Recently I was watching HGTV and they had an episode on about a couple buying a home in Galveston, Texas. I instantly loved the city and knew I needed to add it to my ‘Vintage Travel to do list’.
For today’s post lets take a look at some of the reasons and interesting historic points on why you and I should visit Galveston.
Galveston is less than 60 miles from Houston and is the fourth largest city in the United States. It is an island, has a sub tropical climate and was founded by a Pirate, named Jean Lafitte.
In 1900 the city was hit with a devastating hurricane. After the storm, the city decided to shore up its defenses against future storms by building a permanent concrete seawall along a large portion of the beach front (source). This wall is still standing today.
1920’s to the 1950’s the city re-emerged as a major tourist destination centered on casinos and other vice businesses. Featuring venues such as the famed Balinese Room the city became nationally known as the sin city of the Gulf.
The Balinese Room. Originally opened in 1923 as the Chop Suey, then the Sui Jen a few year later. It finally became the Balinese Room in 1942 with its famed south seas motif.
In its heyday, The Balinese played host to high rollers from all over the country, including local legends Glenn McCarthy, Diamond Jim West, and Howard Hughes. The showroom featured headliners such as Frank Sinatra, Sophie Tucker, Burns and Allen, Bob Hope, and Jack Benny. Long before Las Vegas attracted the big names to the desert, Maceo’s Balinese Room brought ‘em to Galveston (source).
Balinese was raided many many times over the years for gambling but was never able to be shut down, until May 30th, 1957. It remained closed until 2003 when a new owner brought it back to its former glory. It lasted till 2008 when another storm unfortunately destroyed it, but the owner seems to want to rebuild in a new location according to his website. I do hope this comes true for Galveston and for vintage lovers like me.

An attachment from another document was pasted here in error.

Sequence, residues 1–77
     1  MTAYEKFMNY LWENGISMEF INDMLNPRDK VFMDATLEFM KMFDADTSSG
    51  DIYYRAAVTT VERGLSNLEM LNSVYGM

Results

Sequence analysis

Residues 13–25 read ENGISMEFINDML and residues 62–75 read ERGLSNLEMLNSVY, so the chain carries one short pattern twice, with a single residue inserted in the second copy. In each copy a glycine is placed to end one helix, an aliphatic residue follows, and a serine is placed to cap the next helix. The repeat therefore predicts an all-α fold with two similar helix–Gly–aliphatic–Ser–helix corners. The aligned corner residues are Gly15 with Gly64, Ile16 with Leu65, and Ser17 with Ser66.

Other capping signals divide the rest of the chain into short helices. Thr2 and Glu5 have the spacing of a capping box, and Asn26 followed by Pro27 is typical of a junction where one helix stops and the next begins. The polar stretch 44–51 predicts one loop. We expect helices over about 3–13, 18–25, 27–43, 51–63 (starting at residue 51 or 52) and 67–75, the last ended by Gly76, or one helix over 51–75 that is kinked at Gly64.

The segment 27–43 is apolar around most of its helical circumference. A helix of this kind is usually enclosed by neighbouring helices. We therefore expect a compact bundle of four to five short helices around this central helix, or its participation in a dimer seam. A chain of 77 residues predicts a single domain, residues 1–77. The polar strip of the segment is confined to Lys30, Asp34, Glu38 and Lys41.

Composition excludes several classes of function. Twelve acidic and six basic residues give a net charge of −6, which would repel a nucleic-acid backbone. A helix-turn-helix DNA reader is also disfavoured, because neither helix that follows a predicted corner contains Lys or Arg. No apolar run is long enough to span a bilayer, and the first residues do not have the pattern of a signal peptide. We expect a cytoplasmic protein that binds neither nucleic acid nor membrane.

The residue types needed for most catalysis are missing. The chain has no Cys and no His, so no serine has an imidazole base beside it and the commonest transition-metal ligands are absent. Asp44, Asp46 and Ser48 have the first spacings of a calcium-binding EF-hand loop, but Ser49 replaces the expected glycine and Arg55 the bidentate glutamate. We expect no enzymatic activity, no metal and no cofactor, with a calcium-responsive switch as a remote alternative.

Galveston is also home to the glamorous and historic, ‘Hotel Galvez‘.
- This hotel is the only historic beachfront hotel left on the Gulf Coast of Texas
- Bears the name of Bernardo de Galvez, who surveyed the area in 1786
- Built with $1million after the famous and devastating 1900 storm
- Opened on June 10th, 1911, at 6pm
- Rooms were $2 per night in 1911
- The hotel boasted modern, time-saving tools such as a potato peeling machine, an ice-maker, a dishwasher and an ice cream maker
- Headquarters for the International Pageants of Pulchritude, the beauty pageants that were predecessors to the Miss Universe Pageant (1920-1932)
- Temporary White House for FDR
- Served as WWII Coast Guard Facility
- Frank Sinatra & Dean Martin Stayed Here (most likely to sleep off a night of partying at the Balinese Room)
- Room 501 is Haunted-Legend has it a seaman’s fiancé was staying in room 501 when she heard his ship had sunk, and took her own life. Now she haunts the halls
Inside Hotel Galvez
June 1928-Third International Pageant of Pulchritude held at the hotel.
One event I would love to attend is the Galveston Island Beach Revue which is a revival event of the first Bathing Girl Revue started in 1916 by the Galveston Beach Association (An organization formed early in the 20th century to promote tourism).
Want to see what the Bathing Revue was all about? Then check out the silent film below on the 1925 Revue (the swimsuit fashions are fantastic!). (Video Link)
Here is another video of Dorothy Weaver talking about her memories of the early days of the revue and the fun that was to be had on the beach.
Galveston is not just all beach there are also gorgeous Vintage Homes and even a East End Historical District.
The Bishop’s Palace-1892. WOW!
The Grand Staircase of the Bishop Palace.
Lastly, I must make note of the ‘Galveston World Famous Victorian Holiday Festival‘. This event looks like a lot of fun!
Hope you enjoyed this brief tour of Galveston, now who wants to join me to discover what else this beautiful city has to offer? AND if you have been there, please share what one should see when visiting.